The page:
We are having an offsite company barbecue this summer. What should I consider before hosting this event?
Employer-sponsored social events are a great way to boost morale and help employees bond. Before firing up the grill, however, you should consider some important legal concepts.
Wage & Hour
You should first decide whether this barbecue will be mandatory or voluntary. If you are holding the event during regular work hours, or if the event includes work-related meetings, the barbecue will likely be viewed as mandatory.
For mandatory events, you must not only pay employees for their time attending the event, but you also must provide uninterrupted and compliant breaks. These meal and rest breaks must allow employees to leave the event premises if they so wish. Failure to provide meal and rest breaks could expose you to penalties.
Consider setting a schedule for the day if your event is during working hours. Let employees know the event will only be for a certain timeframe so that you can track their hours worked and whether any breaks are owed. It is also a good idea to have a sign-in sheet at the barbecue, so you know an employee’s arrival and departure times, and to document any breaks. You also can consider having a short event that might not trigger meal or rest breaks.
If the event is completely voluntary and outside working hours, communicate this clearly to all employees. Make sure your invitation to employees is in writing and clearly states it is a voluntary extracurricular event. If the event is voluntary, you will not have to pay employees for the time attending the event or for any meal or rest breaks.
If you hold the barbecue offsite and during work hours, you will have to pay employees for the time it took them to travel to and from the barbecue. Travel time, however, may be at a rate of pay that is less than the employee’s normal rate of pay if it is communicated clearly in your policies and is at least the applicable state or local minimum wage.
Even if employees carpool together, you will have to pay each employee for their time traveling to the event if it is during regular working hours.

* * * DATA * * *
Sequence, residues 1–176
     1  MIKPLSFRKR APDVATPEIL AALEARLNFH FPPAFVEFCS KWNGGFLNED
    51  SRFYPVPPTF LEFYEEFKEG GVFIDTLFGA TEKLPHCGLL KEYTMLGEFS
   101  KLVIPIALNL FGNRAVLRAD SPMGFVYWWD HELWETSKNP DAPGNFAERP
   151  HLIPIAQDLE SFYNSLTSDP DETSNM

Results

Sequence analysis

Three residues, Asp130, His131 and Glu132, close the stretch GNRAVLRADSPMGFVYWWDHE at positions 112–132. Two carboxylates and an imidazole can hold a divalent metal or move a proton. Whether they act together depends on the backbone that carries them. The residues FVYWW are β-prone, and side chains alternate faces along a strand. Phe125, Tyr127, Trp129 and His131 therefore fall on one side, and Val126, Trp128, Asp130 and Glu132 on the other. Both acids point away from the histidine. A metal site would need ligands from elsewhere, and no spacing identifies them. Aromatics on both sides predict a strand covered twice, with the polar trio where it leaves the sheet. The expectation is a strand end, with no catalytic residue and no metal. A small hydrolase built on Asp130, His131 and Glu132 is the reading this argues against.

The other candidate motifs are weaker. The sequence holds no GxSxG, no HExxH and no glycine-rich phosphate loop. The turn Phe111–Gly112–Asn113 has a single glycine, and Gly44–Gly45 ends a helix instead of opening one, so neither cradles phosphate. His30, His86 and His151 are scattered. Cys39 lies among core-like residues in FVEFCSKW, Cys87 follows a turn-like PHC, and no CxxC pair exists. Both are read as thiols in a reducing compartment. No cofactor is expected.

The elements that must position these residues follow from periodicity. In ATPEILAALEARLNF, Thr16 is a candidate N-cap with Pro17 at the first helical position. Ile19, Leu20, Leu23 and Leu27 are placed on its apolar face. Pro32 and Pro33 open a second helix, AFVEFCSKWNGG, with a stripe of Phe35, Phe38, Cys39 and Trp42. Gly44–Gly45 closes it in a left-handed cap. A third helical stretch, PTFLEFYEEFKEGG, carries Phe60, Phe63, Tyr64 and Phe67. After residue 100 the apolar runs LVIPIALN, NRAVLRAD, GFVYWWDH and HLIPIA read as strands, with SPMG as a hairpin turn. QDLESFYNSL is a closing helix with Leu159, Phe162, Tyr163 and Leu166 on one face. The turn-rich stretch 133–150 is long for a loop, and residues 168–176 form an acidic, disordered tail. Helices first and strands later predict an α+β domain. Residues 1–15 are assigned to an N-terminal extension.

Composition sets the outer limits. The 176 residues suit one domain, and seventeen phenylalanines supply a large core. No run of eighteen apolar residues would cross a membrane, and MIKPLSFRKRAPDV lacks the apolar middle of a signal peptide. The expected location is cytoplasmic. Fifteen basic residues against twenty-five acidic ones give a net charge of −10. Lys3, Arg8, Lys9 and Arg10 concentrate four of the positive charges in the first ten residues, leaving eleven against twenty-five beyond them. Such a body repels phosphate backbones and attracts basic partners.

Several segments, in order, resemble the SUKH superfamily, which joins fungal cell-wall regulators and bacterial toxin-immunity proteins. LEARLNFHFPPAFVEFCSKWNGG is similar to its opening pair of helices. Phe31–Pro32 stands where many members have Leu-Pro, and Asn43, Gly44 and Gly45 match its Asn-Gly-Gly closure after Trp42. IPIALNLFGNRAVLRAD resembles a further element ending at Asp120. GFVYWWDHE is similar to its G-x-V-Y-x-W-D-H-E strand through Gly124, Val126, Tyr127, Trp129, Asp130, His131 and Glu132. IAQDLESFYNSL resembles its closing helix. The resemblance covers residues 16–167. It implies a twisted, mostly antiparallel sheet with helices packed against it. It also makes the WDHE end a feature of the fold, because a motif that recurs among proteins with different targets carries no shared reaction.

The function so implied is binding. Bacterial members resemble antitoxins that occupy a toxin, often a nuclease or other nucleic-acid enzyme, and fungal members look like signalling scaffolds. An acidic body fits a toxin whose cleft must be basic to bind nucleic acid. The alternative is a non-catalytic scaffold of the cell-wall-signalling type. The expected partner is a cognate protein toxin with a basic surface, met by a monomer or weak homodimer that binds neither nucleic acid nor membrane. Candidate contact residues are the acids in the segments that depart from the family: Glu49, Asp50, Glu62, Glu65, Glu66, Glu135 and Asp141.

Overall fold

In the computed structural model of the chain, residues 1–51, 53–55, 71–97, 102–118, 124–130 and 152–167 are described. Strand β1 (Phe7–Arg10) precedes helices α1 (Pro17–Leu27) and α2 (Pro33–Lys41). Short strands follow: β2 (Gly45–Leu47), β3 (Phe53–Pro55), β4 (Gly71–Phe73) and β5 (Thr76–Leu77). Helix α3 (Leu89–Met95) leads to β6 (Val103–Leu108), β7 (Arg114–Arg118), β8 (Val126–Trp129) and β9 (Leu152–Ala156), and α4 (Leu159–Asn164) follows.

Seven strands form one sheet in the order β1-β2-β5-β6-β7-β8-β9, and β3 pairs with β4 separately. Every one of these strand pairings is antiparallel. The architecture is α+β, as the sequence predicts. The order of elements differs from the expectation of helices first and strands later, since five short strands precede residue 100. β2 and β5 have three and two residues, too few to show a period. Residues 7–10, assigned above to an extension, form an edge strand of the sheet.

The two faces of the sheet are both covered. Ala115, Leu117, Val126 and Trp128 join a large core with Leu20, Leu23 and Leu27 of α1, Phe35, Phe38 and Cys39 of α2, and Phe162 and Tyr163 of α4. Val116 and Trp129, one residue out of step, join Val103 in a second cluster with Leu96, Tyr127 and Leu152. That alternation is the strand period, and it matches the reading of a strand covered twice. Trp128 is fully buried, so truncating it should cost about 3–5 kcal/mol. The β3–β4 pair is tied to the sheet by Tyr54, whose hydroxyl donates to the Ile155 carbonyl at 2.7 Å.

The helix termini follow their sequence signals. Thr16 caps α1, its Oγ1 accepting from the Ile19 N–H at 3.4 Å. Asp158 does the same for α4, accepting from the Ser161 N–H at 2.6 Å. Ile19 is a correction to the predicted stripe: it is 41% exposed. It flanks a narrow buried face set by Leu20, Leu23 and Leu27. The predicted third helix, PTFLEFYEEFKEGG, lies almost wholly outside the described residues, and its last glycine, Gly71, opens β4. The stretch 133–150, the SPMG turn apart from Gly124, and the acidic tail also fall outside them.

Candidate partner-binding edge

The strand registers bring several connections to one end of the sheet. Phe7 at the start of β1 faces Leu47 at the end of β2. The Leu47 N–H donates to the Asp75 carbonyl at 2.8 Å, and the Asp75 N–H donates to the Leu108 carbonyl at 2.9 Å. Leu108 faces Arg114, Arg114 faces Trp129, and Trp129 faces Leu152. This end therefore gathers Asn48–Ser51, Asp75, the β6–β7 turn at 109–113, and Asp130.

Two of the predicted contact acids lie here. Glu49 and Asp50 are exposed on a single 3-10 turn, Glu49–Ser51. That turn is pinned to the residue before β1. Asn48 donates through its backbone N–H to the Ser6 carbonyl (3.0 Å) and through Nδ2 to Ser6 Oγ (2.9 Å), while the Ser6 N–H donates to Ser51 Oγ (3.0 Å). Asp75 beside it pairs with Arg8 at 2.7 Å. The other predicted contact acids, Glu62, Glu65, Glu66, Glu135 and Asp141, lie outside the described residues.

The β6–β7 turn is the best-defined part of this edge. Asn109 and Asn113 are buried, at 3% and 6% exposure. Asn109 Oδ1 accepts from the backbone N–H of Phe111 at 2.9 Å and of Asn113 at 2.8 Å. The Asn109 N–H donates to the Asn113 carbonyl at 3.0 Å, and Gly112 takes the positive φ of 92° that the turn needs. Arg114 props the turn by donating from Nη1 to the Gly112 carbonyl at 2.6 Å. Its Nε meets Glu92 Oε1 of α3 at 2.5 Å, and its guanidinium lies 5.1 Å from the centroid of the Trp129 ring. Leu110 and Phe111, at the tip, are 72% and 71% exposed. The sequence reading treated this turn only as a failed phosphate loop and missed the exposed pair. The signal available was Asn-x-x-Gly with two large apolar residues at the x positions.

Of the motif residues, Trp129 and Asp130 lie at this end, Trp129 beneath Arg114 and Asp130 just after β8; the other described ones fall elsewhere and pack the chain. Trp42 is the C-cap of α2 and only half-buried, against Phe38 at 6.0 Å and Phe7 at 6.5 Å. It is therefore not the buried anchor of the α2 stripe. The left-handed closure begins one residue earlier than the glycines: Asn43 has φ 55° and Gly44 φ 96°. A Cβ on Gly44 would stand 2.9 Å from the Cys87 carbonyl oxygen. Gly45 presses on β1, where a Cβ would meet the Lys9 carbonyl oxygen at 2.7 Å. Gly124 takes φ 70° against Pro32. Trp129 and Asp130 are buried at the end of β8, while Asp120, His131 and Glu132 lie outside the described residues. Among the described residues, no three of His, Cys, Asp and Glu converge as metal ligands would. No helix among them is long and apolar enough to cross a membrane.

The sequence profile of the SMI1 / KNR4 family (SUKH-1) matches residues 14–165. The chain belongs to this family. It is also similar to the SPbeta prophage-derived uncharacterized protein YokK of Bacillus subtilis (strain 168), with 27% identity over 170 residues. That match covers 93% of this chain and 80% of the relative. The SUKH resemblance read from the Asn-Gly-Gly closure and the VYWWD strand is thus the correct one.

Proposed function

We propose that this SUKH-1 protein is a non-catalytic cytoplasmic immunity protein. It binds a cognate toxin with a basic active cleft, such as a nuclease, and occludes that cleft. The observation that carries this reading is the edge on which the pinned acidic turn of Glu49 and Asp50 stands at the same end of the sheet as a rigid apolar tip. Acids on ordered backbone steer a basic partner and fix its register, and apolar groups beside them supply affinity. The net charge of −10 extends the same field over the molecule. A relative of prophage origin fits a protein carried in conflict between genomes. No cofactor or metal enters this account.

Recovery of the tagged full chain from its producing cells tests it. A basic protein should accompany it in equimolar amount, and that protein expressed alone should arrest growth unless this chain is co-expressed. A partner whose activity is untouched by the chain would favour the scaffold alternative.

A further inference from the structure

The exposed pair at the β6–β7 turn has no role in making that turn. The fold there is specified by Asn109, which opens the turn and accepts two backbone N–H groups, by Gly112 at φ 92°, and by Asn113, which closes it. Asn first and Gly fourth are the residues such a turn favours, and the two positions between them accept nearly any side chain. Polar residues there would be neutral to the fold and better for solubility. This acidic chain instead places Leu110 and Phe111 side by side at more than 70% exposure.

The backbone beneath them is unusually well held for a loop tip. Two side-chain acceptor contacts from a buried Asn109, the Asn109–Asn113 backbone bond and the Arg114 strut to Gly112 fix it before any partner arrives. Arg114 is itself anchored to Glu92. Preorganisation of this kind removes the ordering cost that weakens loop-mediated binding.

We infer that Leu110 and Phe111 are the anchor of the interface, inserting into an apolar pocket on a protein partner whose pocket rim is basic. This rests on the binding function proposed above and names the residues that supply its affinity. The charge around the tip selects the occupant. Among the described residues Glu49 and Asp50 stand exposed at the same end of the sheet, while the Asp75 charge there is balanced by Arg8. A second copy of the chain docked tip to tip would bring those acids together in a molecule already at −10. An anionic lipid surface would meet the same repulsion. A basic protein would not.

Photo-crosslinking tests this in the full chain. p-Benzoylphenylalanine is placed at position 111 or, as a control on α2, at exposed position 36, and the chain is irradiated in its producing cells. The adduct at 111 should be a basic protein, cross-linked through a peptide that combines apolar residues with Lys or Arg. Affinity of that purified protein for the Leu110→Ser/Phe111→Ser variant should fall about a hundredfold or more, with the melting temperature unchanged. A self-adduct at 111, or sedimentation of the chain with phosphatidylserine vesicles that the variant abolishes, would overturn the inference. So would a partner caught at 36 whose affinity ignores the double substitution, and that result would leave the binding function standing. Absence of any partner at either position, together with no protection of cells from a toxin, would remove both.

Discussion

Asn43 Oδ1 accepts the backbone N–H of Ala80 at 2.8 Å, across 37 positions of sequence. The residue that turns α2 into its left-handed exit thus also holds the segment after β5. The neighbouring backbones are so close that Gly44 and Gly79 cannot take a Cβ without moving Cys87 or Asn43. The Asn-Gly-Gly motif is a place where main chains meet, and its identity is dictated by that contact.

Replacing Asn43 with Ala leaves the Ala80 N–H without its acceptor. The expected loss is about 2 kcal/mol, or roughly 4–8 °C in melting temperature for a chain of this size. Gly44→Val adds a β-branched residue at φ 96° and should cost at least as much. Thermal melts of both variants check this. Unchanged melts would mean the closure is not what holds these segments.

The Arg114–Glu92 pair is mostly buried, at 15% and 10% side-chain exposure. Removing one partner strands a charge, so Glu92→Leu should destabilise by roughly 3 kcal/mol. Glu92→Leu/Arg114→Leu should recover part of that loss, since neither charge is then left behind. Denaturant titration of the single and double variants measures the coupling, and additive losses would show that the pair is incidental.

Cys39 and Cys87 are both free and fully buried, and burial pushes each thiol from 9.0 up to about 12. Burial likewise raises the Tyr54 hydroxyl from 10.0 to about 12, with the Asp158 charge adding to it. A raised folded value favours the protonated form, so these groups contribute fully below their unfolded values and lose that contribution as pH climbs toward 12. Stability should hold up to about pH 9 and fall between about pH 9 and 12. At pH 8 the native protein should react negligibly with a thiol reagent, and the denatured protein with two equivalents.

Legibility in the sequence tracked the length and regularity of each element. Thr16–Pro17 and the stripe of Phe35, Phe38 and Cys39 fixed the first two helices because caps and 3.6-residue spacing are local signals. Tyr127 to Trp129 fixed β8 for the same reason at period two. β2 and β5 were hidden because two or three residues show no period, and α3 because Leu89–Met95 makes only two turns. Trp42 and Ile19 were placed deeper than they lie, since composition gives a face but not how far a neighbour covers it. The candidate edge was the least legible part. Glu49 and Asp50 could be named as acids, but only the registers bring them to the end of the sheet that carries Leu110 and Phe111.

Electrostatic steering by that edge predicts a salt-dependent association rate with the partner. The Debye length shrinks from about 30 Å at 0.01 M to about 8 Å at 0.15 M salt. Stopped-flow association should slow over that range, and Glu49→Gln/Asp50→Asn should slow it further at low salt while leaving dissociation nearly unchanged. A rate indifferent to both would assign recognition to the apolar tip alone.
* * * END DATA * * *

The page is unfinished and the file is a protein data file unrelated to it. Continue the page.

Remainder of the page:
In addition to paying employees for the time it took them to travel to and from the event if the barbecue is held during work hours, you will also have to reimburse them for gas mileage.
Employees may forget about your zero-tolerance harassment policy at an offsite barbecue. Nonalcoholic beverages are a safe choice because alcohol lowers inhibitions and can lead to inappropriate activity.
If you plan to serve alcohol, consider using drink tickets and setting a two-drink maximum. You should also consider the location of your event. If you hold it at a bar or club, this could alter how employees act versus if you held it at a park or an outside communal area at your office.
You also should consider providing shuttles or safe rides home if you provide alcohol. Even if you do not plan to serve alcohol, it is a good idea to have employees re-sign an acknowledgment of your anti-harassment policy in anticipation of this event.
It also is important to keep in mind that if any employee is injured during your event during work hours, this would likely be considered a work-related injury.
Keep this in mind if you plan to provide any bounce houses, games or activities. A liability waiver will not avoid this responsibility.
Column based on questions asked by callers on the Labor Law Helpline, a service to California Chamber of Commerce preferred and executive members. For expert explanations of labor laws and Cal/OSHA regulations, not legal counsel for specific situations, call (800) 348-2262 or submit your question at www.hrcalifornia.com.